Election Day looms for those who did not vote early

A record 78,899 voters survived long lines during early voting, but about 60,000 still have Election Day to reckon with. With that, the August 3 ballot is breaking more than local records.

"The longest one in the history of Shelby County, the history of Tennessee and the longest ballot in Tennessee," said Shelby County Election Commissioner OC Pleasant.

Registered voters are already turned off by the thought of long lines.

"It's really to be expected," said voter Kimberly Johnson.

Voter Peter Longley agrees.

"If it's gonna take two hours to cast your vote, I don't think a lot of people are gonna bother," he said.

So, before you hit the polls Thursday, Pleasant says you can get in and out fast by doing more than familiarizing yourself with the ballot, and skipping races you don't know about.

"Be prepared to wait at least an hour," he said.

Pleasant says you should not let your lack of time or your impatience keep you from your precious right to vote or from going through the entire ballot at least once.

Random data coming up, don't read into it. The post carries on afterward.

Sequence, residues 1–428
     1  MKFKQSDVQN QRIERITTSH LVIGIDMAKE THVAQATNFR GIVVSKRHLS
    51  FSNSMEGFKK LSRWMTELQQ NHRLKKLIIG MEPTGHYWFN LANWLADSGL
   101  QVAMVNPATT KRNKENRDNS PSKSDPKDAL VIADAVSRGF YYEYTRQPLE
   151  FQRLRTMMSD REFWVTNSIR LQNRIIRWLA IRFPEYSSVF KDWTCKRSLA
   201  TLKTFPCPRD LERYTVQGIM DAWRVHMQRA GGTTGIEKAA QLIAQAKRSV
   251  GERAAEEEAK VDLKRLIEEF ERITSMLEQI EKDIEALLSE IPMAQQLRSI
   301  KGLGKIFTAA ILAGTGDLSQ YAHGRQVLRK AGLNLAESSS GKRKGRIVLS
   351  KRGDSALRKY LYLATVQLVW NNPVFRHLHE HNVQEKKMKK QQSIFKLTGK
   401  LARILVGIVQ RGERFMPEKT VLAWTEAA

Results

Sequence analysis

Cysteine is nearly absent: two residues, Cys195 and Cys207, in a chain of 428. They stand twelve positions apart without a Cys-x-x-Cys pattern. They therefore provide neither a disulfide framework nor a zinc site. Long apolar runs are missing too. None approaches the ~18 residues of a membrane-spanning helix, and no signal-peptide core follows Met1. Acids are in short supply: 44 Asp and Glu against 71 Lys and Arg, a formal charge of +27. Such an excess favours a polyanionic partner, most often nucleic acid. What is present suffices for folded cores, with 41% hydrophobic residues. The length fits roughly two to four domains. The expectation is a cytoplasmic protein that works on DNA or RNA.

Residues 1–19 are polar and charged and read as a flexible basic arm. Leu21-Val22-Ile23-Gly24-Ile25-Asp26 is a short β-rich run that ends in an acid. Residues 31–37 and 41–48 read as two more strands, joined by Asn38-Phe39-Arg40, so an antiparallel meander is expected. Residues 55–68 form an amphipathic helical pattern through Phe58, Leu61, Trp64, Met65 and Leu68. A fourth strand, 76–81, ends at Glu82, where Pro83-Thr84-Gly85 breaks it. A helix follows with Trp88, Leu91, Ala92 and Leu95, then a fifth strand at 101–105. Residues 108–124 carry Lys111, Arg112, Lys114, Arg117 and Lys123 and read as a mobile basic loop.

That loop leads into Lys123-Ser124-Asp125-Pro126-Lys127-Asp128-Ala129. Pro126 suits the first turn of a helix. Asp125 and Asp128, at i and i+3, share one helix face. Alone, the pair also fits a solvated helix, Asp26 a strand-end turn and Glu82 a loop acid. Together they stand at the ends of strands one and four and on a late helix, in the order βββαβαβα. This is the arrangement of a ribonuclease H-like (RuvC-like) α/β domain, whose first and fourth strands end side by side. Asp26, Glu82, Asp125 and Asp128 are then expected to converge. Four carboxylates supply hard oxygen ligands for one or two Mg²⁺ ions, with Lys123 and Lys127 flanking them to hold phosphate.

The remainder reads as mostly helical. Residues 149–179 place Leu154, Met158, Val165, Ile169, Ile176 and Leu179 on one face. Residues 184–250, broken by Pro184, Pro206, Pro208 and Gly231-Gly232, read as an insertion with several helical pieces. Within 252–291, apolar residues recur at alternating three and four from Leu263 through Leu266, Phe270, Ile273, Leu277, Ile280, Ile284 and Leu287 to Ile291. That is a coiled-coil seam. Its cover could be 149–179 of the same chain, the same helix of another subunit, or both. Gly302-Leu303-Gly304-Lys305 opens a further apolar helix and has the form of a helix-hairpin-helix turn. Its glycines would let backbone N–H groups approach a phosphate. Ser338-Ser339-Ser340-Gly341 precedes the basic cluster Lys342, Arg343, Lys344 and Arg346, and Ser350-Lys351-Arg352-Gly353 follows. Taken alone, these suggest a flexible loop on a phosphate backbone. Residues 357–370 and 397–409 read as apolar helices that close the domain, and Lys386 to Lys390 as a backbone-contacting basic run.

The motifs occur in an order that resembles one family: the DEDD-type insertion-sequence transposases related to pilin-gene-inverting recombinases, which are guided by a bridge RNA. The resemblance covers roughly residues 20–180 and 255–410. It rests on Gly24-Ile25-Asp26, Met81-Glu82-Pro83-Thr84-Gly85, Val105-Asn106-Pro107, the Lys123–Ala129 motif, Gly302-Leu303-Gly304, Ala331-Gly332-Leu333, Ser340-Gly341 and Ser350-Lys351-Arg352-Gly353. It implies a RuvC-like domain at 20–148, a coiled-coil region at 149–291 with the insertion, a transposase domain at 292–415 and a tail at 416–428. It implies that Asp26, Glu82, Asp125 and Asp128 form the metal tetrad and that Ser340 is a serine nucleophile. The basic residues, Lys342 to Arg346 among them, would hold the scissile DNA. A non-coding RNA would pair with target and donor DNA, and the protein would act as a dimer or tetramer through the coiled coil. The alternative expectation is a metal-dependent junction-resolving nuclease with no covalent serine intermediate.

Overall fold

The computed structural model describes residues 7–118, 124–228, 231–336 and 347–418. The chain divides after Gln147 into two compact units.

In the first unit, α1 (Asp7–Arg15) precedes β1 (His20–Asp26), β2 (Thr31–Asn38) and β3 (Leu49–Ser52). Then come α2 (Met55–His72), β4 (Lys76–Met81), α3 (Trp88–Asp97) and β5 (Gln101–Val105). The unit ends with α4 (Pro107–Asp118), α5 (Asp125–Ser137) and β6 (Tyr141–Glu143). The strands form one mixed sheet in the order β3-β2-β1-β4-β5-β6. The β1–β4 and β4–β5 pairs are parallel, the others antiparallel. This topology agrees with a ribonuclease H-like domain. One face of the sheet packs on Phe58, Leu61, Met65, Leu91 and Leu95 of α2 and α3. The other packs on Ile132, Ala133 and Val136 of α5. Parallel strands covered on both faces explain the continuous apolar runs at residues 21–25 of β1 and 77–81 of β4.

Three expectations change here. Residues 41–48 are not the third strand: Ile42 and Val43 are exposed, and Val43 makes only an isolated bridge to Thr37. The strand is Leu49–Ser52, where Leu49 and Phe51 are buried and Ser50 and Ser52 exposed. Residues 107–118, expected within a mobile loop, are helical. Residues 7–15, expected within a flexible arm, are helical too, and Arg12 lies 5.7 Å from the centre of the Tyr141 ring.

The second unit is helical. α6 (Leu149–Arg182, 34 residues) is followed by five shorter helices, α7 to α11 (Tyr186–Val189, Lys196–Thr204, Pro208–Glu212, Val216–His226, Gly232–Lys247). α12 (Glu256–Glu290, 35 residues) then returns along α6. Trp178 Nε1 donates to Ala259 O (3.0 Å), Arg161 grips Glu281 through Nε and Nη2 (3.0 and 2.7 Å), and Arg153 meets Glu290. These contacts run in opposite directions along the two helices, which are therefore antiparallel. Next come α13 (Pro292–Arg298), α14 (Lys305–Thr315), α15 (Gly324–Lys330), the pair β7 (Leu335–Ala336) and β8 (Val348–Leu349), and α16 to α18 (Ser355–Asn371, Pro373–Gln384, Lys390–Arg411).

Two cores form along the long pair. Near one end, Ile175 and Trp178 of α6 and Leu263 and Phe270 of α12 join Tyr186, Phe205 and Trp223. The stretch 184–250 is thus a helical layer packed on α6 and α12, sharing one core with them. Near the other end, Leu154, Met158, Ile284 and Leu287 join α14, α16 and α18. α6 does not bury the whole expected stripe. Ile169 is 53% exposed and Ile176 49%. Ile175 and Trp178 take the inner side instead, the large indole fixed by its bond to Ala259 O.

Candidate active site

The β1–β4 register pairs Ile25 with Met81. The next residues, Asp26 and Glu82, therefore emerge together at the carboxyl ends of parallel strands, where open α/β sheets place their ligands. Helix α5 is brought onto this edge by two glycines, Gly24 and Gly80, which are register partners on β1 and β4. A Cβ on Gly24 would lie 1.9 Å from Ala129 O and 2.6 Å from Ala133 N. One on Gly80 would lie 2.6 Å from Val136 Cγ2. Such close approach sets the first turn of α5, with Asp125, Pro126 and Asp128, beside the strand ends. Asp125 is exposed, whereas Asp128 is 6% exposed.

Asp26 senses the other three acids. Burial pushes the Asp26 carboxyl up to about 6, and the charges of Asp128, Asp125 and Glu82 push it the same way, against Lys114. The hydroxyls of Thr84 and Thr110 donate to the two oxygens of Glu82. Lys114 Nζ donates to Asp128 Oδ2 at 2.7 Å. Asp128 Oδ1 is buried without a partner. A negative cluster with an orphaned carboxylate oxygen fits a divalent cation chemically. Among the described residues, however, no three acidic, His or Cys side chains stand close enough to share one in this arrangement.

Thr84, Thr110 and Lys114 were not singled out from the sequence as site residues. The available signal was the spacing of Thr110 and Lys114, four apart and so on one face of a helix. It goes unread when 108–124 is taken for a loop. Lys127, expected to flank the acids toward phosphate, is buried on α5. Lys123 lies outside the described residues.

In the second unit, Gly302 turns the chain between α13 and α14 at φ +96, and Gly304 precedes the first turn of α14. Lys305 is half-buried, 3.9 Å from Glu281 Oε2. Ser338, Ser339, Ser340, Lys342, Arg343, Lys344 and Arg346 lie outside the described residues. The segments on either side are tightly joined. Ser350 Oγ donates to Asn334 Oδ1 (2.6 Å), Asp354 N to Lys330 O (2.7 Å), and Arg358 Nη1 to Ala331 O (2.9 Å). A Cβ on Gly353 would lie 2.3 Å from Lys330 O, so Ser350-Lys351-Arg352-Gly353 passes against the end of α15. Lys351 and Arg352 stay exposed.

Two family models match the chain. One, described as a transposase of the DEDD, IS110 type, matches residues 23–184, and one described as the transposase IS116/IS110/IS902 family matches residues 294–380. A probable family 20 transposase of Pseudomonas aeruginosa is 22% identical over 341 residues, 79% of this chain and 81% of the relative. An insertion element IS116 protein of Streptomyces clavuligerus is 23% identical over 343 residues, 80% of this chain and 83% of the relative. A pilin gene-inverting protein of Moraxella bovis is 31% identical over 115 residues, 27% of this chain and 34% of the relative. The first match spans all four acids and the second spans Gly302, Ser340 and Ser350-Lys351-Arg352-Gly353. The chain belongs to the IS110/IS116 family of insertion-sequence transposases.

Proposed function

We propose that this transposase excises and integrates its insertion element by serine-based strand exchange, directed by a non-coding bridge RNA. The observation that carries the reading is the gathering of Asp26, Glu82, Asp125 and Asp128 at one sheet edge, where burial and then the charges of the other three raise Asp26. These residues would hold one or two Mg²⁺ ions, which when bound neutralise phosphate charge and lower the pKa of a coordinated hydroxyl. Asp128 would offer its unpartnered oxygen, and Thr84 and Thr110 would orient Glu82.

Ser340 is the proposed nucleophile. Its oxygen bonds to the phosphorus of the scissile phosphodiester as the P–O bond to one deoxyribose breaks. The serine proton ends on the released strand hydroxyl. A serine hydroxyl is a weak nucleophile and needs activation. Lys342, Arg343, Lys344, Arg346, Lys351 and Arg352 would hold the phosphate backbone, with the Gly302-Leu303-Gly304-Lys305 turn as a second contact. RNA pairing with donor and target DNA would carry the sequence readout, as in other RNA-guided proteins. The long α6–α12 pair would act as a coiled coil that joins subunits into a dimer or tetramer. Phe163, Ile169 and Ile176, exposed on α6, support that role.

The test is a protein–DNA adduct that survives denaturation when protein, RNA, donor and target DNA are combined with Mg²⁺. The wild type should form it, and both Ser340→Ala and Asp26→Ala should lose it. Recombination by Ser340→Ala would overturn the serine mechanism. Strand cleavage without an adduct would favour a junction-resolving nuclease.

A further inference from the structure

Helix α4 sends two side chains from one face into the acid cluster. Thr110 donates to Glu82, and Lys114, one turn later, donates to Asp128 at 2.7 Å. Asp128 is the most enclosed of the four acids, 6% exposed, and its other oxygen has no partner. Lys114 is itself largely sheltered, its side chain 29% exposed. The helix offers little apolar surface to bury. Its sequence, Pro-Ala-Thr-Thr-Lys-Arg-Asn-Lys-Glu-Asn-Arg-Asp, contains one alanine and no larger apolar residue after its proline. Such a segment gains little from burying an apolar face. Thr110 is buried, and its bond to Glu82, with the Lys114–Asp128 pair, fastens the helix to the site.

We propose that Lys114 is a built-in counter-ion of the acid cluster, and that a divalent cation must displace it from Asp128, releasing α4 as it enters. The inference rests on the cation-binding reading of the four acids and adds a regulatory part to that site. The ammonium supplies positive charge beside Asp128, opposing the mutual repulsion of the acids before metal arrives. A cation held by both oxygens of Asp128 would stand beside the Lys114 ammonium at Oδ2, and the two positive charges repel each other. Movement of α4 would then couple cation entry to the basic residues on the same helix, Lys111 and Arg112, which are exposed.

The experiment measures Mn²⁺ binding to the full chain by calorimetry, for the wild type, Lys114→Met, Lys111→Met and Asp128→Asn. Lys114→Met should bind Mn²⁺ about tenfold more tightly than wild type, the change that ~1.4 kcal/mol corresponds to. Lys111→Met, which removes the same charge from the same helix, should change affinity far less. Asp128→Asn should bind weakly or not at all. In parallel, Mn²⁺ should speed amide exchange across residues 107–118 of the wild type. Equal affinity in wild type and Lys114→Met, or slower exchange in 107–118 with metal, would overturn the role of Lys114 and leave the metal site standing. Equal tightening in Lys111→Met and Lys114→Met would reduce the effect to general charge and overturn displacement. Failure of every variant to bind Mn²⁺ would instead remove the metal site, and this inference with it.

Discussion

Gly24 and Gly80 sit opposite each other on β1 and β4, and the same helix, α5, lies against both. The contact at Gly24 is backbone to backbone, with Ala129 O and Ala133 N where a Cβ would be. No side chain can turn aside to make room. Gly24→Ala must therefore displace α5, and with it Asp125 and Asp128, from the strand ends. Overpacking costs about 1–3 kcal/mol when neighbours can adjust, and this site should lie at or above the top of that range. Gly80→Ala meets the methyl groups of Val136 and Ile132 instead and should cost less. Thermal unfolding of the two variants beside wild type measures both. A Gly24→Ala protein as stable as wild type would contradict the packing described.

"It's best to go when you have sufficient time to accomplish the wait," he added.

You should also factor travel time into your trip to the polls.

The commissioner also says the long ballot and long wait could mean tabulations will be delayed. They're usually done by 11 p.m.

"I would think that in order to be completely done, we would be an hour or so later than that," he calculated.

However, he expects voters to get an idea of which candidates will win by the ten o'clock news.

Pleasant says the best way to cure long lines at the polls is to have more machines. But, the question arises as to whether or not it's financially sound to have more machines for a ballot that happens once every eight years. The machines would then sit in a warehouse for seven years. Pleasant says there's also the option of leasing machines for longer ballots.

Another more unconventional option, he says, is to do away with precincts and have continuous voting, similar to early voting where you still have a district, but you can vote anywhere.

"In that way, voters would have more than one opportunity to cast their ballot. As a matter of fact, in this scenario, they would have some 20, 25 days to cast their ballots," Pleasant said.

Also, with term limits, several government positions are being vacated at once. Election experts have considered the idea of staggering terms so the ballot won't be so long. Pleasant says that could only happen if wording is changed in state and local election rules. This Election Day Thursday there are no quick fixes, so it seems patience is your best bet.